The guests who attended last week's premier showing of Steven Spielberg's latest movie, "A.I.: Artificial Intelligence," were not the usual crowd of movie critics and the rich and famous, those traditionally present to boost a movie on its first showing. Everyone present was asked to fork out NIS 150 to the Hebrew University in Jerusalem, which supported the screening. The donations are going to student scholarships.
The unusual gathering and donation for a premier screening comes from the fact that the Hebrew University holds part of the rights in Spielberg's movie. The film brings up the image of Albert Einstein, and the university is the exclusive holder of rights to the use of the name and character of Einstein for commercial purposes.
Einstein left instructions in his will that a significant part of his property, including written material and intellectual property rights, were to be passed to the university. Included in this list of rights, were the use of the name or character of the genius who came up with the Theory of Relativity, which would be used to promote the Hebrew University and its objectives.
The link between the university and Einstein predates even the formal establishment of the university in 1925. Moshe Vigdor, general director and vice president of the university, tells how Einstein was instrumental in helping the institution at every stage of its establishment including the raising of funds. Einstein delivered the first science lecture held there - on the General Theory of Relativity.
With the funds received from the rights, about $1 million a year, the university administers many activities related to the preservation and development of Einstein's legacy. For example, it set up the Albert Einstein Archives, where most of his work papers and research documents are kept, including hand-written original notes on the Theory of Relativity and his work on quantum theory, and the certificate of the Nobel Prize in Physics, which he was awarded in 1921. The archive also keeps some personal effects, such as his cloak, his glasses and some personal letters. The Hebrew University also received partial rights to Einstein's house in Germany, where it holds an annual Einstein forum.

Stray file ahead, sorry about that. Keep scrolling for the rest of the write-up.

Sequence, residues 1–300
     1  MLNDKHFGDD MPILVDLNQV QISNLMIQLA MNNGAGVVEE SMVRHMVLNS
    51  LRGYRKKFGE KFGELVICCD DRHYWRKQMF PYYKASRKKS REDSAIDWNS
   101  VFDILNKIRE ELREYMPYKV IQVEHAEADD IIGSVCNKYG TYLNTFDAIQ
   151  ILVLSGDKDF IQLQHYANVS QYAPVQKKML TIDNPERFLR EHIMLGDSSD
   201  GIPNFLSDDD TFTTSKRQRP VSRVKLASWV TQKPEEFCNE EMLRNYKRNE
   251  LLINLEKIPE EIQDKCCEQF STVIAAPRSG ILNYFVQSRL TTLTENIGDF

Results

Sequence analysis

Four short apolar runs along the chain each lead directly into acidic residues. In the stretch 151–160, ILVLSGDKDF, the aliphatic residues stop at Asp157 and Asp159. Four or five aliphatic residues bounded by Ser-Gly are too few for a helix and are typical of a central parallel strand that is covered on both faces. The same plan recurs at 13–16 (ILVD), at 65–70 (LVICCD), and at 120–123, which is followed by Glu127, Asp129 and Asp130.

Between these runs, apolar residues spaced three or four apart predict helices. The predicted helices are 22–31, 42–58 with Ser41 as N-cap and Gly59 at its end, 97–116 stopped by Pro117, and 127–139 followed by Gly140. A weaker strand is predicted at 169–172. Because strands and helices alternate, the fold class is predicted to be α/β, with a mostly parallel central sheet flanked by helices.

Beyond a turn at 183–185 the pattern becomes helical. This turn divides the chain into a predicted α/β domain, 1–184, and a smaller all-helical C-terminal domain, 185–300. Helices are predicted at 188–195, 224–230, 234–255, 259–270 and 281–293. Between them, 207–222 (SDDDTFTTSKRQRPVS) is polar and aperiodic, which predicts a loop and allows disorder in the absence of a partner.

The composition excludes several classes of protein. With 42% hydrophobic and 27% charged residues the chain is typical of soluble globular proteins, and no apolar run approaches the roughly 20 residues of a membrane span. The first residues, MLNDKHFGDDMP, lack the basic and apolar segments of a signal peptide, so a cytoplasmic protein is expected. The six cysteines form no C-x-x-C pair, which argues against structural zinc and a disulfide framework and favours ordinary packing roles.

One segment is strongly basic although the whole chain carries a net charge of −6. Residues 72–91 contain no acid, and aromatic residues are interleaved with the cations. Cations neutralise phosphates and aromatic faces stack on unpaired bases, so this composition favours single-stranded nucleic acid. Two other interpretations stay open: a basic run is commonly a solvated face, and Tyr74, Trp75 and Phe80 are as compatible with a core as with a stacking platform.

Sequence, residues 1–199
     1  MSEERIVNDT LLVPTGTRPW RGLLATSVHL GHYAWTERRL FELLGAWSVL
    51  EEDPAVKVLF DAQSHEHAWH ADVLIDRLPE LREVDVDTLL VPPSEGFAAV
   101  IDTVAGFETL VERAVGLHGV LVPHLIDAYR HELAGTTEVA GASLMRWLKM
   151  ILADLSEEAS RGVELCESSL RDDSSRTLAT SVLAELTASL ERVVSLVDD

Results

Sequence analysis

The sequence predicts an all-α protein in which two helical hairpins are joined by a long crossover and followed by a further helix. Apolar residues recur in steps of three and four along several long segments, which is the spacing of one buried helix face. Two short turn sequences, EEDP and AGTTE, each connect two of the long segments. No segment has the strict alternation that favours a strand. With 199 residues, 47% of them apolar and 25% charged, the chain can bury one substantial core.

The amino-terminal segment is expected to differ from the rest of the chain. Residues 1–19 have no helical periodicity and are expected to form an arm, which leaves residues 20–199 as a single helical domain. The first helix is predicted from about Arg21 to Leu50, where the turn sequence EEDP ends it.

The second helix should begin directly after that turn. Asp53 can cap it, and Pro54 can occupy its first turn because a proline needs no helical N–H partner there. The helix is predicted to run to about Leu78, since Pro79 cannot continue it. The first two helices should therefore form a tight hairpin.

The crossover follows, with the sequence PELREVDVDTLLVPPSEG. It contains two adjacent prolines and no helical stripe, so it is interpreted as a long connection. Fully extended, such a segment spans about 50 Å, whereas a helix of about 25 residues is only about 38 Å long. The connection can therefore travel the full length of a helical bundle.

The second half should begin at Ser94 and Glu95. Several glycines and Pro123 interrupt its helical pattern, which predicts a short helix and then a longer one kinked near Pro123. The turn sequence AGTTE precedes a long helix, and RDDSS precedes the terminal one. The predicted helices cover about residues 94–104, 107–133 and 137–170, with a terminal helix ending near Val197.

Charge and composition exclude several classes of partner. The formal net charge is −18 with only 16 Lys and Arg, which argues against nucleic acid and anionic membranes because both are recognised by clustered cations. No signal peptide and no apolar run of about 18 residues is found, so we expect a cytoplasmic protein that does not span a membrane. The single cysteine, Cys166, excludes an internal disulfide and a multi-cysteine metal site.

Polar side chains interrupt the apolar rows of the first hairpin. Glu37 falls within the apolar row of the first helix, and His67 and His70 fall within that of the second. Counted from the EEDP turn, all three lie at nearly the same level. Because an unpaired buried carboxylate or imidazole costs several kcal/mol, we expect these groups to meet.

Spielberg's "Artificial Intelligence" is a science-fiction drama that deals with a future where robots take on human personae, and raises the question of what is the limit of machines to mimic human emotions. Though the movie has only a minimal reference to Einstein, Spielberg nevertheless had to pay royalties to Hebrew University. According to Vigdor, following Spielberg's request to the university a year-and-a-half ago to use Einstein's image in the movie, and after checks revealed that the movie does not damage the university, it promptly acquiesced to Spielberg's request.
The university approached an American agency that deals in personal intellectual rights back in the 1980s, and this agency now represents the university in negotiations over Einstein's name and works, including legal representation in cases of unauthorized usage.
A year ago, whereas approval was granted to Pepsi to use the name Einstein in a promotional clip, an alcoholic drinks company that wanted to launch a vodka under the name Einstein was refused. According to Vigdor, the university has taken legal proceedings against usage of the name that has not been approved. An American bagel company, Einstein Bagels, which was named for its owner, was prosecuted for playing on the Einstein name. "We won, and the chain's owners had to pay royalties to the university," says Vigdor.
During the preparation of the Spielberg movie, the Hebrew University was not involved in production and gave no opinion on the messages that would be portrayed on the screen. The movie shows the creation of machines that can have human feelings and independent thoughts, and naturally this sparked some lively public debate, which could reflect on the holder of Einstein's rights. "The controversial subject in this dispute and the movie raises fundamental problems, particularly at the present time, when the world is dealing with genetic engineering and the human genome," says Vigdor. "However, at the university we are debating these kinds of issues every day."
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